No laws have been passed yet about the protection of labor of workers and on social security. As for the “Rules, regulating relations between labor and capital” approved by the All-China Federation of Labor in January 1949, they not only fail to develop the main principles, established by the general program of the Political Consultative Meeting but in essence reduce them to naught.

Necessary measures are not being taken to attract workers to study at secondary and higher educational institutions and to prepare engineer and technical cadres from among workers. Leading circles of the Chinese Communist Party as before underestimate the role of the working class in the revolutionary transformation of the country.

3. On the peasantry and the land reform

In 1926 you said that “…Among the Guomindang and even among the Chinese communists there are people, who do not consider it possible to unveil revolution in the countryside, fearing that involving the peasantry into the revolution will undermine the united anti-imperialist front. This is the deepest delusion, comrades. The sooner and more fundamentally the peasantry is involved in the revolution the stronger and more powerful the anti-imperialist front will be.”

Relying for many years on the peasantry as the main force, by which the People's Liberation Army was created, and as a source of material supply of the army, the communist party of China at the same time manifests indecisiveness and apprehension in the conduct of revolutionary activities in the countryside.

By the present time land reform had been conducted merely on Manchuria's territory and some long liberated regions of Northern China with a population of slightly higher than 100 million.

On other territory not only has agrarian reform not been implemented but even the high land rental rates, still charged by the landholders from the peasants, have not been cut back.

The leading organs intend to begin organizational conduct of the land reform in 2-3 years.

In connection with this, peasants in the localities frequently begin re-division of land in spite of the central authorities, without waiting for permission. This lowers the authority of the Chinese Com[munist] Party and the government among the peasantry.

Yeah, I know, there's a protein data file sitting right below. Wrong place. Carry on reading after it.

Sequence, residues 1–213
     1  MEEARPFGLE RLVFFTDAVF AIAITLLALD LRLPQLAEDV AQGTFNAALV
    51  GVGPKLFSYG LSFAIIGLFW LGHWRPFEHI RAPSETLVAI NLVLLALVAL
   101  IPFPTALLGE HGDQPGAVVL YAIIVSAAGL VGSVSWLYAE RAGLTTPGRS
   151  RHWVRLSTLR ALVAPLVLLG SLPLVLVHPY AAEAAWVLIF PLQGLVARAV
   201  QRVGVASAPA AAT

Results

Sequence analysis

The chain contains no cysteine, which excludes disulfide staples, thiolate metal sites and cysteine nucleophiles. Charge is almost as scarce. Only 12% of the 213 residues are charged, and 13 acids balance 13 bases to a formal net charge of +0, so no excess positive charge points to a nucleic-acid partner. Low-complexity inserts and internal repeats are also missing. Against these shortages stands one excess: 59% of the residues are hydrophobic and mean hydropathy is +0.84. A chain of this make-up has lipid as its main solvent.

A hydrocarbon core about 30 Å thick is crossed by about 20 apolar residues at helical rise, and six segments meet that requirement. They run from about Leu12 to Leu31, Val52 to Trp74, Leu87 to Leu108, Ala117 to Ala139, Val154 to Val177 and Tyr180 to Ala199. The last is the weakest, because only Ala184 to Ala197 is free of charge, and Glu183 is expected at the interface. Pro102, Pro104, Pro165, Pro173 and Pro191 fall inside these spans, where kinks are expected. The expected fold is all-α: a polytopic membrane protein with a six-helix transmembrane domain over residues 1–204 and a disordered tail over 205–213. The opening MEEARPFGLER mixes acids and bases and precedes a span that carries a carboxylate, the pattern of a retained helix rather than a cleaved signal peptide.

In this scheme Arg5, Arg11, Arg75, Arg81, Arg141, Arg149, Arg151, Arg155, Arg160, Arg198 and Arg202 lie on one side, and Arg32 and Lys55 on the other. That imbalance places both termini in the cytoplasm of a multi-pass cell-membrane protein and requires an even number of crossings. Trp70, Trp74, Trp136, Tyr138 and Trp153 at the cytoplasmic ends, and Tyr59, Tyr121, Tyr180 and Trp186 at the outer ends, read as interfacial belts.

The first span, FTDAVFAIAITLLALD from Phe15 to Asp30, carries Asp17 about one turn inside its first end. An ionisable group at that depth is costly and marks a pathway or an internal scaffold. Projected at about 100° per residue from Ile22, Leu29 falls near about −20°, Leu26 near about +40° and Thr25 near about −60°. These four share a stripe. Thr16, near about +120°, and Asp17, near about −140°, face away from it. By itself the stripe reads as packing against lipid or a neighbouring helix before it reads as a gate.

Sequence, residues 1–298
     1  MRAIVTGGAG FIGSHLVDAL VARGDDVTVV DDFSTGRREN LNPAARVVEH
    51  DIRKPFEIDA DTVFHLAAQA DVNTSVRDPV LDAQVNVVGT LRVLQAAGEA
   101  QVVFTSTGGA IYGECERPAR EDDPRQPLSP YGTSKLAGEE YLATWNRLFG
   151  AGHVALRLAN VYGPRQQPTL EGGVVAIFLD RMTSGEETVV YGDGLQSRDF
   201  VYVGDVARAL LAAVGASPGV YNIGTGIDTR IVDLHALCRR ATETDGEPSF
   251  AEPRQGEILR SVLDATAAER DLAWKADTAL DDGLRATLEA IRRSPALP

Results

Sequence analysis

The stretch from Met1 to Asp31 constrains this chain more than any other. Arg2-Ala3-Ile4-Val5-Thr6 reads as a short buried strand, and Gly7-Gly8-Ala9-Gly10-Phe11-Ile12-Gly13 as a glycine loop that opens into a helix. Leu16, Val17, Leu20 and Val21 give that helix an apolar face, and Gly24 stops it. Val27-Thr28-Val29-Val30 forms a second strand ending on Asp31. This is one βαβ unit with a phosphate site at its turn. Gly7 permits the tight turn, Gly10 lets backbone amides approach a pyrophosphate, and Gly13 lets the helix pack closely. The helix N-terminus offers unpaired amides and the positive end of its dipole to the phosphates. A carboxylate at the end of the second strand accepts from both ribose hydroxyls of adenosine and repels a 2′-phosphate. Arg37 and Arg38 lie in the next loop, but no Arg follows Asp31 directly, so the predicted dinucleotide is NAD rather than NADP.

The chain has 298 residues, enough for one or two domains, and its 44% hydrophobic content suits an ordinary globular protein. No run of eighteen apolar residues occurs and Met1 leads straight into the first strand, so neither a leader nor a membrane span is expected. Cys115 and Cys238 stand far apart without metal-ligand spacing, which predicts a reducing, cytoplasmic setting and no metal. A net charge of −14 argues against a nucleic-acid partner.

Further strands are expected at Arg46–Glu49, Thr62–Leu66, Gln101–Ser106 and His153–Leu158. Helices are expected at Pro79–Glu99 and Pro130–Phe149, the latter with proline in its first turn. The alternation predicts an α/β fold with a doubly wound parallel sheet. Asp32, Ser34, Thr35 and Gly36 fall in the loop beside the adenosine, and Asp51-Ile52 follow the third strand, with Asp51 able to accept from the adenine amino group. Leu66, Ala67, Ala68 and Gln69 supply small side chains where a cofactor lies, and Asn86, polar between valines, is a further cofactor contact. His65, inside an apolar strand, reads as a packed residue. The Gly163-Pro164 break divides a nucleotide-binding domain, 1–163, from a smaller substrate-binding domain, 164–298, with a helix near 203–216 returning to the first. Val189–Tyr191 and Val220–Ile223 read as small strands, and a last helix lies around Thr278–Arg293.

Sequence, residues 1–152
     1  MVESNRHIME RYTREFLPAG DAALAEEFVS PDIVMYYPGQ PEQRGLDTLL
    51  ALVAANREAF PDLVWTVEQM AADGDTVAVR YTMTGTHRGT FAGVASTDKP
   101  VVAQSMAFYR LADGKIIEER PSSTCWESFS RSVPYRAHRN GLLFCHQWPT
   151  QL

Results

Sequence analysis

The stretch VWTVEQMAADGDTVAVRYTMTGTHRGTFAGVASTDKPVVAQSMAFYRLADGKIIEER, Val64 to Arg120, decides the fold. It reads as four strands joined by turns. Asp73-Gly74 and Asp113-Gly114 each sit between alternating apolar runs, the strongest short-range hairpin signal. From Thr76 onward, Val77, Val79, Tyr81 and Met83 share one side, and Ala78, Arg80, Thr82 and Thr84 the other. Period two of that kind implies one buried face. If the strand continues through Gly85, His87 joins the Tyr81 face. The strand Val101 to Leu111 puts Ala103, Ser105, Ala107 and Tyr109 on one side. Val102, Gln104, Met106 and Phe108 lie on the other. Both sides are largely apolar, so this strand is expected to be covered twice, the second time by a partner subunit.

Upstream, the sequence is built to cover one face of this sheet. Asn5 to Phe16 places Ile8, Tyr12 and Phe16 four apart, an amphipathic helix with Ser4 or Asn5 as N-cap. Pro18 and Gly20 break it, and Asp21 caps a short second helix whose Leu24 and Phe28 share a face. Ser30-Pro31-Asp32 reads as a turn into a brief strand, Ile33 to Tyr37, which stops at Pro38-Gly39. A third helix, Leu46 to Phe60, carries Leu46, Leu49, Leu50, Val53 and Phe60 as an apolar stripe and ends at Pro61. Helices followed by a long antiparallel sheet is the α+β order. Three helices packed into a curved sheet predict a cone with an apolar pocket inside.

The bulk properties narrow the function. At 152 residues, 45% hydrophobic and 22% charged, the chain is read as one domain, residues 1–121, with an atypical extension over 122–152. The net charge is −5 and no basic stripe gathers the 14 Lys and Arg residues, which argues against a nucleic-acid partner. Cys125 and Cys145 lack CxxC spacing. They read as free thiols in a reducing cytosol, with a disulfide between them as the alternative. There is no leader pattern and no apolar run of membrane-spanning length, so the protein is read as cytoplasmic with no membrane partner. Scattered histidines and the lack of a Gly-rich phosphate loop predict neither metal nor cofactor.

A fallacious “theory” became widespread among a certain part of the communists and in the leading circles of the com[munist] party that new kulaks, who appear after the conduct of the land reform in the previously liberated regions, are a revolutionary force, supporting the com[munist] party and the new government.

4. On the party

You advised “…by means of strengthening mass political work in the cities to widen the ranks of the communist party by drawing on the working class, to create strong party organizations at factories and railroads.”

However, the growth of the party in the working class has been inconsequential up to now. No active work is being conducted to attract workers into the ranks of the party. Party organizations to a considerable extent are polluted by landlord-kulak and bourgeois elements; party recruitment in a number of regions is conducted in an indiscriminate manner.

According to the data of the CCP CC 80% of the entire party membership is made up of peasants. In eastern China only 414 of 34835 party cells are factory-plant party cells. In northern China only 4.1% of party members are workers, and 85% are peasants. In the party organization of Shandong province alone there are more than 10,000 landlords, kulaks and merchants.

As for party tenure, more than a half of CCP members are young communists, who joined its ranks after the defeat and capitulation of Japan. In northern China 54% of all members of the party joined its ranks after 1946.

General educational level of the majority of the CCP members is exceedingly low. In Northern China 60.9% of all communists are completely illiterate, 13.6% are poorly literate, and only 19.7% graduated from the elementary school.